This trip back to the midwest conjures up memories…..some very fond memories. Al and I have always enjoyed the outdoors. We even had an outdoor wedding, complete with horse and carriage, but I’ll save that story for another post.
During the early years of our relationship Al worked as a Commerical Airline Pilot and I a Flight Attendant (yes, we met at work, go figure). More than half our time was spent in airplanes, hotels, eating in restaurants, and living by the clock. So when it came time to recreate, we wanted nothing to do with planes, hotels, restaurants or clocks. Thus, we discovered the Boundary Waters Canoe Area. The BWCA is located in northeastern Minnesota located within the Superior National Forest and encompasses more than 1,000,000 acres. This wilderness area also expands into Canada and is known as Quetico Provincial Park.
What is unique about the BWCA is it’s natural, untouched beauty. The “wilderness act” restricts logging, mining, and most motorized access. No motorized access means no boat motors, no roads for vehicles, and no float planes allowed. Therefore access to this pristine land is restricted to hiking and canoeing. There are over 1200 miles of canoe routes and 2000+ designated remote campsites. Camping is restricted to these campsites and are clearly recognizable by the Forest Service fire rings. Maps are a must. Don’t count on a GPS. Maps will help find portages, trails, and campsites.
Every summer Al and I looked forward to our two weeks vacation in the Boundary Waters Canoe Area, and that did not change once we had children. The kids just went along and had a great time. Some years we tented it and other years we would splurge and rent a cabin at one of many resorts available, especially when the children were young. Even on those years we rented a cabin, we would still do a one or two night tent excursion into the wilderness.
After many visits at varying times of the year, we discovered the end of July, beginning of August was most enjoyable for us. The mosquitos were the worst in June. However, in July we did have to deal with those pesky biting deer flies….still preferable to the mosquitos. September can be beautiful and the fishing good, but be ready for any kind of weather, after all this is northern Minnesota.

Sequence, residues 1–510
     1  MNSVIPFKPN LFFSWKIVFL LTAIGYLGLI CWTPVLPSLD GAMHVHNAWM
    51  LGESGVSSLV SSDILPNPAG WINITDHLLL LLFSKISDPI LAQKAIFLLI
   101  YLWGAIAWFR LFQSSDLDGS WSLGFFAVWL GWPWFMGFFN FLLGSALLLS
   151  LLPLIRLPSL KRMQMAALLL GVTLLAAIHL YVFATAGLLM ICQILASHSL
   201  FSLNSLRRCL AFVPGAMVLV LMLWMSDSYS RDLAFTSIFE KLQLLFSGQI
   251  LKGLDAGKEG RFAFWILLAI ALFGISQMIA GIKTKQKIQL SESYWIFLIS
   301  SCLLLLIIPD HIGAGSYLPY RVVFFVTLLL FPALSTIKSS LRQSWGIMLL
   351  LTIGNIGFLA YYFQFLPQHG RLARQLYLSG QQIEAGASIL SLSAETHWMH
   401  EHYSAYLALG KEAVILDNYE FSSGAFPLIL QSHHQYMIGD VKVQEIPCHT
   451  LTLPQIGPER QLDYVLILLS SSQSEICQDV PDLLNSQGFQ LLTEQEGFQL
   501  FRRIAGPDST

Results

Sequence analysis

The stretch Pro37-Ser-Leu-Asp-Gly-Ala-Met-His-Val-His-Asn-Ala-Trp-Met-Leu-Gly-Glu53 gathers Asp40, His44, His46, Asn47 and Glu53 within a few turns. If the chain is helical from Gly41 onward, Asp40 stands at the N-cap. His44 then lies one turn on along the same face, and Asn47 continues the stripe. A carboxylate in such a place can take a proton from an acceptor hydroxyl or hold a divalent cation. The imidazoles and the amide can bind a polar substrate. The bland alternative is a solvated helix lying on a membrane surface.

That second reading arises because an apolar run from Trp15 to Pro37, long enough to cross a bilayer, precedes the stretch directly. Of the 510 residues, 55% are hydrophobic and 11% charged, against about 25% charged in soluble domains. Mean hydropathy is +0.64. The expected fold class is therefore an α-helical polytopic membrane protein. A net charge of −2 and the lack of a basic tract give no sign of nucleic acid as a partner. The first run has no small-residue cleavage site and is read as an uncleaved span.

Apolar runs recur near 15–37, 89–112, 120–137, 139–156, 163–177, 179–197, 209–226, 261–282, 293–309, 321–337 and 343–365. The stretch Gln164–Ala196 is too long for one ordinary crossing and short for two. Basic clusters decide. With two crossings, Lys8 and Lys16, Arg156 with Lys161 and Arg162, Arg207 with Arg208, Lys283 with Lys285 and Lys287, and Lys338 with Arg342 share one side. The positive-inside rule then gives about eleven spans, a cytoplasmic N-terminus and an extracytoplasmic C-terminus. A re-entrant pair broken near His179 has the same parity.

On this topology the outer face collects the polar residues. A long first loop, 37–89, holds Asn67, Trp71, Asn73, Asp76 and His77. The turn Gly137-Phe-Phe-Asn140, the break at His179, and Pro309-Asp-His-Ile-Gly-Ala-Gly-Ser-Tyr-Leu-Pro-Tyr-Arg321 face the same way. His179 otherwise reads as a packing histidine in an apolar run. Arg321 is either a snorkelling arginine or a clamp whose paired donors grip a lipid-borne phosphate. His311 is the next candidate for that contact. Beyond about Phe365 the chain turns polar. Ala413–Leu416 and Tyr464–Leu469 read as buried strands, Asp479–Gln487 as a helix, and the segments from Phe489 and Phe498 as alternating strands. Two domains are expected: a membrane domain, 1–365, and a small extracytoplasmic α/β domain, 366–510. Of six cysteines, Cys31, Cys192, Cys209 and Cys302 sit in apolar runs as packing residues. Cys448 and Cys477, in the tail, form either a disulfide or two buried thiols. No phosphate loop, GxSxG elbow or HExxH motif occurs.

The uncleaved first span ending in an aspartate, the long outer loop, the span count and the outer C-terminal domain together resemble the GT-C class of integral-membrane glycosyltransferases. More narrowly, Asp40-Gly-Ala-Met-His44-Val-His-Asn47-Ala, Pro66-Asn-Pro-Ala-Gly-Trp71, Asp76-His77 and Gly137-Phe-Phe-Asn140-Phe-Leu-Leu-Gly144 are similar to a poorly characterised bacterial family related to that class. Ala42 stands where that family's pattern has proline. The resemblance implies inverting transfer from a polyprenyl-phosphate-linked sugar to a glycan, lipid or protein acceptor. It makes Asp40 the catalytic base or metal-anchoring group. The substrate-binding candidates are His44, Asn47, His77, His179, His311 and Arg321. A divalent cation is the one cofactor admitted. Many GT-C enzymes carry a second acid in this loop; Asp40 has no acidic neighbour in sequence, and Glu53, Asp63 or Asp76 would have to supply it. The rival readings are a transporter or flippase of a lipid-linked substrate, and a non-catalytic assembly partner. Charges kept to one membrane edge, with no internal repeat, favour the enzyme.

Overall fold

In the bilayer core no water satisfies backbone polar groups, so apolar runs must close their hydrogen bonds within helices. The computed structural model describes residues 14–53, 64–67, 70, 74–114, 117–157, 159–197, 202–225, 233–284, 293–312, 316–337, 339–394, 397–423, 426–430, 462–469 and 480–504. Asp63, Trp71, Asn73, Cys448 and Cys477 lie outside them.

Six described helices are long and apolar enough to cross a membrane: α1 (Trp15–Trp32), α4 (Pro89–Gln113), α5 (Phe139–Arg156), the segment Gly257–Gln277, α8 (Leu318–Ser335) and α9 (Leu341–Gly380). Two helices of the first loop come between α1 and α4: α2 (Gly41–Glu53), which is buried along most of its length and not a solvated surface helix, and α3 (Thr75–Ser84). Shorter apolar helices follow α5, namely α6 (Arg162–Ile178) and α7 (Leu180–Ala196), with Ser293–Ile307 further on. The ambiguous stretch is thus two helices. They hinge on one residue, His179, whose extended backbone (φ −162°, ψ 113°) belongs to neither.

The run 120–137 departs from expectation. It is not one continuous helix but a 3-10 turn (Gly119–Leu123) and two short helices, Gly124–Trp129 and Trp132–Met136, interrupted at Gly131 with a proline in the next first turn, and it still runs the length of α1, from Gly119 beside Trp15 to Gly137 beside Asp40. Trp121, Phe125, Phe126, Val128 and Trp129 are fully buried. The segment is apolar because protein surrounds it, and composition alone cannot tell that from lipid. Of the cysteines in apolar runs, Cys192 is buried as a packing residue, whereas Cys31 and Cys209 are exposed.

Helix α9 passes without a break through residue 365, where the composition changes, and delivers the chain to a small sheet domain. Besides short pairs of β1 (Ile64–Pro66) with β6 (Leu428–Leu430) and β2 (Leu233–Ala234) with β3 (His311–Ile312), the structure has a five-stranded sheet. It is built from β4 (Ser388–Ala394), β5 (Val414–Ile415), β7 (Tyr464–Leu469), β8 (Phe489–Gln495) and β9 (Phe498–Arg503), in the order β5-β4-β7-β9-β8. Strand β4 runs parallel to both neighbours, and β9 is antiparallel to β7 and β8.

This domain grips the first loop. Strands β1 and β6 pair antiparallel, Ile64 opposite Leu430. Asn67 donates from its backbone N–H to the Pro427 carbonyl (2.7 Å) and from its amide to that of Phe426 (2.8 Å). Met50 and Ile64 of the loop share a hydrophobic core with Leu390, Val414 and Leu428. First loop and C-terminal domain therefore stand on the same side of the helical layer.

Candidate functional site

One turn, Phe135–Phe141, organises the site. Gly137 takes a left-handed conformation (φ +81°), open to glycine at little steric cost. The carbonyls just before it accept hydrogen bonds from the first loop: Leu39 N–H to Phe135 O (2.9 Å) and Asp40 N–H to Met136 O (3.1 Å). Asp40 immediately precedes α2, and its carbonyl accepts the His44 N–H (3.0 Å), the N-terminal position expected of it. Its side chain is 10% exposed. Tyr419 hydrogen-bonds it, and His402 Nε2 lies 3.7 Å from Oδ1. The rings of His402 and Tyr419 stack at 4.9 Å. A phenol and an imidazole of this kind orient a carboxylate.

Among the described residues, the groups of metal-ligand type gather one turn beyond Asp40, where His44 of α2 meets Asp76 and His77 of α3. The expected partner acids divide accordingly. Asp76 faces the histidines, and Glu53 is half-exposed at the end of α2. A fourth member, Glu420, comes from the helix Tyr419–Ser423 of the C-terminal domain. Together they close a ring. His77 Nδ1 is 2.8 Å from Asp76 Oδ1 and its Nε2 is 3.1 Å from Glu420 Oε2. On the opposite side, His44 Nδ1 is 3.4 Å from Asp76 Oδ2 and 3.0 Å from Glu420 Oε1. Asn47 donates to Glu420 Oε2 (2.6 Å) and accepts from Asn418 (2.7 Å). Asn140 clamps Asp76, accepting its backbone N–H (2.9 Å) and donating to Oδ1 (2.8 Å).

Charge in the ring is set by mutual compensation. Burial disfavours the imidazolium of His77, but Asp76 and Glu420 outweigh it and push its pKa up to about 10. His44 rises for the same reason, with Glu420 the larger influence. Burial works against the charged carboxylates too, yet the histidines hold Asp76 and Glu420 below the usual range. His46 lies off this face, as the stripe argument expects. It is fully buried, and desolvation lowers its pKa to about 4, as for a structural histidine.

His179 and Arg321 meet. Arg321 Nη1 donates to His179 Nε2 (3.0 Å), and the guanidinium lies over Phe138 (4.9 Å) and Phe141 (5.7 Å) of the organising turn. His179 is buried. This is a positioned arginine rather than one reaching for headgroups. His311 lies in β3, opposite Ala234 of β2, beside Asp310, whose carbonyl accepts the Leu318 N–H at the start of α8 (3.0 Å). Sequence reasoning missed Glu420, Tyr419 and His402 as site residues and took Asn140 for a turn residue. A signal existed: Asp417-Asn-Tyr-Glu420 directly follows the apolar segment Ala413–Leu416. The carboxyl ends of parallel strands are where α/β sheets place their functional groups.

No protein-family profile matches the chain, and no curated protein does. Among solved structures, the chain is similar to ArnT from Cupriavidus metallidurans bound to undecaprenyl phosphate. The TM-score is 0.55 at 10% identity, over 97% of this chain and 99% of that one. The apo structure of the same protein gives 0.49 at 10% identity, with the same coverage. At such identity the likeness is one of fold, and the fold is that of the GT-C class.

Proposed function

The end of July is also blueberry season. Yummmm……blueberry pancakes become a regular staple. Our first Brittany Spaniel, Dallas, always accompanied us on our blueberry picking mission with bells on her collar. Ya see, black bears love blueberries, but they don’t like dogs. Dallas camped, hiked and canoed everywhere with us. We put bells on her collar so Al and I could keep track of her while she ran around the dense woods. The second purpose; so she wouldn’t accidentally startle a bear or other wildlife.
The two main communities with visitor services near the Boundary Waters Canoe Area are Ely and Grand Marais, Minnesota. We always went to Grand Marais and up the Gunflint Trail. FYI….the drive from Duluth, Minnesota to Grand Marais, Minnesota should be savored. The scenery along Lake Superior is beautiful ….. lighthouses, waterfalls, cliffs and rock. Allow plenty of time for stops along the way. We so loved the Gunflint Trail, we returned year after year even though we had intentions of exploring the Ely area. Somehow there was never enough time for both.
Ah, yes what fond memories. As Al and I swap stories, a family member asks, “What’s so special about the BWCA?” Well, there’s lot’s of things that make BWCA special, but first; the BWCA is a place visitors can canoe, portage, and camp in the spirit of the French voyageurs of 200 years ago. It’s quiet, remote, and wild. The lush, dense forest and crisp, clean waters are like no other place I’ve visited. I’ll keep looking though 🙂 Oh, how that bucket list grows!